This survey on hats explores and illustrates every aspect of the subject. It catalogues the myriad styles from royal crowns to Rasta caps, and includes chapters on the etiquette of hats and the development of protective headgear. It recounts the achievements both of the great milliners of old, such as Caroline Reboux, Paulette, Lilly Dache, Schiaparelli, and Borsalino - and today's designers, including Philip Treacy, Philippe Model and Olivier Chanan. The text argues that, whilst they can be both glamorous and stylish, hats are also rich with significance for the societies which create them.
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A myriad of headware styles are cataloged, from crowns and helmets to caps and protective headgear. Besides providing a history of changing styles and hat makers, this includes plenty of insights on design changes, hat functions, and changing hat concepts. The result is more than just a singular volume on hat styles; but an expansive history which delves into many different avenues. -- Midwest Book Review
Anyone looking for a theme for a future World's Fair exhibit need look no further than this exciting book. Hats. Colin McDowell, an internationally recognized fashion historian, whose previous books were Shoes, Fashion and Fantasy, and the encyclopedic McDowell's Directory of Twentieth Century Fashion, opens Hats with a strong assertion: "All the basic hat shapes were created very early in the history of mankind. The author claims that in 500 years of headwear, even with changing scale, proportion and decoration, hats have remained basically two styles: brimmed and unbrimmed. However, readers may have a different viewpoint, turning the pages and taking a gander at the 15th century hennin from an annotated manuscript (c. 1477). Here's a towering hat that must be at least half the height of the beautiful woman portrayed wearing it. Unbrimmed, yes, but bizarre too. The author believes it possible that such high hennins came to us in painting as dramatizations of headwear that probably were much more prosaic in scale. I read this book from cover to cover and relished McDowell's cataloguing myriad styles, from royal crowns to skullcaps, tricornes to the creations of the great hat makers of our century. His sparkling style is appealing. We remember First Lady Jackie Kennedy wearing a pillbox hat that became fabulously fashionable. Kennedy's designer, Halston, adopted the pillbox hat that had been designed by Adrian for Greta Garbo in the 1932 film "As You Desire Me," and reinvented it for Jackie as America's crown substitute. Jackie Kennedy found it so flattering that it became her "signature" hat for all her official engagements. Not so lucky were other First Ladies. Eleanor Roosevelt was criticized for wearing too many hats, and other First Ladies were chastised for forgetting to wear a hat. In the 1950's, Bergdorf Goodman's millinery department was popular with jet-setters such as Elsa Maxwell, Mrs. Douglas Fairbanks, Jr. and women who would not dream of going to a luncheon, theater, or church without a hat, white gloves and proper attire. There was a time when no self-respecting woman would go without a hat to lunch, to church or to board a plane. Some lovely photographs illustrate bridal headware-symbolizing purity and majesty. We learn that "In Roman times, brides wore yellow veils; in the Middle Ages they garlanded their hair with freshly gathered flowers, but it was not until the 19th century that the bridal wreath and veil of the 'traditional' white wedding evolved. Bridal hats are a 20th century development. The book concludes with a chronology of hats, from before 1100 to 1990. Though in recent years, some believe millinery is dying, McDowell has photographs to prove otherwise in his examination of the bedrock of youth cultures and that talismanic youth hat--the baseball cap. Hats off to a wonderful book! -- From Independent Publisher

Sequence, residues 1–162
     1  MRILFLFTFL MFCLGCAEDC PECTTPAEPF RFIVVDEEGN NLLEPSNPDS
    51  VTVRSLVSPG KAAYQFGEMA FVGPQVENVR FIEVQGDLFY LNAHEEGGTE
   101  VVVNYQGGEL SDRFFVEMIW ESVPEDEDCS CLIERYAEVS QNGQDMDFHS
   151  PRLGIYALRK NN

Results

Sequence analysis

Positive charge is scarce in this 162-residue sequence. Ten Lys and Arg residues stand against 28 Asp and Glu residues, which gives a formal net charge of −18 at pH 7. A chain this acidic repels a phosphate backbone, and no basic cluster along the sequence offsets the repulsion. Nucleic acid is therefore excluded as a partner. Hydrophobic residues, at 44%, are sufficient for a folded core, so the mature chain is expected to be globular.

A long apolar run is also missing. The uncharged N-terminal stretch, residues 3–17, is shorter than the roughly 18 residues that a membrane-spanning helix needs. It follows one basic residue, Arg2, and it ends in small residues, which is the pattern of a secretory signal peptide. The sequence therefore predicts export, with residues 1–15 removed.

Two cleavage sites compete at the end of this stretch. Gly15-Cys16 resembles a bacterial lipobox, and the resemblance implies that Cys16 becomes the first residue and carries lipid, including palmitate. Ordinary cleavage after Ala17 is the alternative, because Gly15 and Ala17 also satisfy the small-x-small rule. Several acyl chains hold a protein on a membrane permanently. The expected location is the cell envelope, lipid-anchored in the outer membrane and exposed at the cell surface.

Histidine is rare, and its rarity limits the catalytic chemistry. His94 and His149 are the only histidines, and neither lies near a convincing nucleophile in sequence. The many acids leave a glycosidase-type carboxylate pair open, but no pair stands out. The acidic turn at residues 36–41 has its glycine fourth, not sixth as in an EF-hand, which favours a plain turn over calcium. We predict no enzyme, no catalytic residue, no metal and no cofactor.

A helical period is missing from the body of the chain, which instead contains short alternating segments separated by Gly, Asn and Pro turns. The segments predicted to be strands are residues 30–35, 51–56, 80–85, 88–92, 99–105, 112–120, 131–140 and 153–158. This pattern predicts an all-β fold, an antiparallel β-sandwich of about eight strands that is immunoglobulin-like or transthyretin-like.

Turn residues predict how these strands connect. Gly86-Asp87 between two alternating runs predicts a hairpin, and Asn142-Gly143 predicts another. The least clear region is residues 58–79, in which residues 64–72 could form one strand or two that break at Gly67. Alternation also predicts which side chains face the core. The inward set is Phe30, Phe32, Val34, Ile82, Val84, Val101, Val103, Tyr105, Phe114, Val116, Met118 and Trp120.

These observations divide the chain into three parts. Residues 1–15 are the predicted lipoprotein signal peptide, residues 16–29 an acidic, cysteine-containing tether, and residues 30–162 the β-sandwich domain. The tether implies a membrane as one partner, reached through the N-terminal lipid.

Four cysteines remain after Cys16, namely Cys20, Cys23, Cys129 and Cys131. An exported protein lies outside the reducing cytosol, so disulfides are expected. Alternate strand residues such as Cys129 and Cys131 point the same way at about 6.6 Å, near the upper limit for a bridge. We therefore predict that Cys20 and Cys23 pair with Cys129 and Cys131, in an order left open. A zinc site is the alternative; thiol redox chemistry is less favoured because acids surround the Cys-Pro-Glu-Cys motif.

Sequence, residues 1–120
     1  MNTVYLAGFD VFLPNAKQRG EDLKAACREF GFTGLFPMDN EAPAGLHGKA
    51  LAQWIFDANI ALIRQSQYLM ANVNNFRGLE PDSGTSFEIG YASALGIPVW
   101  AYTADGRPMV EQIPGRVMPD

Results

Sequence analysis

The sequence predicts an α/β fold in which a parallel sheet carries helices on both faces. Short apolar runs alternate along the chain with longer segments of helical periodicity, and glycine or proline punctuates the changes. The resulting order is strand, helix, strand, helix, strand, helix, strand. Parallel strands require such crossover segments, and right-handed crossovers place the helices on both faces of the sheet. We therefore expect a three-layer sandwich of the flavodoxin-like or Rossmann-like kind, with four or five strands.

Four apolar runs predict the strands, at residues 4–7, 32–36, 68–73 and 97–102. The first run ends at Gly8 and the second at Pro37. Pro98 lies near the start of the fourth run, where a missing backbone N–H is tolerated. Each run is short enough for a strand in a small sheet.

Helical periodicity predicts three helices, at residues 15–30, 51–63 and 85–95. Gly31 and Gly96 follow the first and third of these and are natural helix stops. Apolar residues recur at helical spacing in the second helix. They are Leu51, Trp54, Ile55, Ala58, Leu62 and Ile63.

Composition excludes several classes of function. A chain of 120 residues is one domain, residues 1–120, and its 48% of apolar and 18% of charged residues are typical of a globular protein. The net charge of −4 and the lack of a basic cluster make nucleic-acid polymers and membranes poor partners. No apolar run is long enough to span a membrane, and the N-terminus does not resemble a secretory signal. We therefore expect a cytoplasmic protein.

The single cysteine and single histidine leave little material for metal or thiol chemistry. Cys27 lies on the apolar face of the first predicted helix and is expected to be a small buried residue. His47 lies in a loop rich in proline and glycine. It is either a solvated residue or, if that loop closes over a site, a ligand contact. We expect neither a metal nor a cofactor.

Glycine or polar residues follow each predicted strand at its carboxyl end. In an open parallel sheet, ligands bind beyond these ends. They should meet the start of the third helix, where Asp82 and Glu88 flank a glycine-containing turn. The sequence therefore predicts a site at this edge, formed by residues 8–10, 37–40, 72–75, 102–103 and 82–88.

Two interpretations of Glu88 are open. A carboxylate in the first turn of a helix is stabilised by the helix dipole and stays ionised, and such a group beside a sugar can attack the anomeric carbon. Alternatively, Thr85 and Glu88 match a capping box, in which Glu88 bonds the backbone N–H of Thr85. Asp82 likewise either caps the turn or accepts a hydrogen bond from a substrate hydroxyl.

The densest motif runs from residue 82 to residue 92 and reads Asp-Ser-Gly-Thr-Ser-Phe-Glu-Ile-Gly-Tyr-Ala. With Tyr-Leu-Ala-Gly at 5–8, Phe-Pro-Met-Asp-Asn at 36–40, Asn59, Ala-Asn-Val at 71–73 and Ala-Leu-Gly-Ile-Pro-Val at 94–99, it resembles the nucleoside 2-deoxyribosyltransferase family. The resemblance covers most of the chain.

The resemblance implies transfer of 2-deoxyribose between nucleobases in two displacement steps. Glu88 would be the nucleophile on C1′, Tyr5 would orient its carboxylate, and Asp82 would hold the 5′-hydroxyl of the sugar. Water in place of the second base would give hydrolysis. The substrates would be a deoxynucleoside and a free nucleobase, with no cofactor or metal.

Following in the footsteps of his highly praised Shoes: Fashion and Fantasy ( LJ 5/15/90), McDowell tackles the subject of hats in the same witty, anecdotal manner. Not the typically chronological treatment of fashion history, this book discusses hats in the context of rank, social class and status, occupation, personality, and how fashion changes occurred. From crowns to bowlers, turbans to straw hats, head coverings are treated in their multidimensional forms and meanings. With an emphasis on creativity, 280 illustrations from contemporary and historical sources show the almost limitless possible variations upon basic forms and styles. As the first major book in a decade devoted solely to hats--Madeline Ginsburg's commendable The Hat: Trends and Traditions (Barron's, 1990) is aimed at younger readers--this survey is highly recommended, especially as it includes up-to-date milliners such as Philippe Model, Sybilla, and Carlos Lewis along with the classic Schiaparelli, Dache, and Lanvin.
- Therese D. Baker, Western Kentucky Univ. Libs., Bowling Green
Copyright 1993 Reed Business Information, Inc.
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Book Description Rizzoli. Book Condition: New. 0847815722 New Inside & Out. Excellent book! ( z1s028 ) Some very minor shelf wear on dust cover. ** Fast Shipping! **. Bookseller Inventory # SKU1012926
Book Description Rizzoli, 1992. Hardcover. Book Condition: New. Never used!. Bookseller Inventory # P110847815722
Book Description Rizzoli, 1992. Hardcover. Book Condition: New. Bookseller Inventory # DADAX0847815722
Book Description Rizzoli, 1992. Hardcover. Book Condition: New. book. Bookseller Inventory # M0847815722
Book Description Rizzoli. Hardcover. Book Condition: New. 0847815722 New Condition. Bookseller Inventory # NEW7.1383346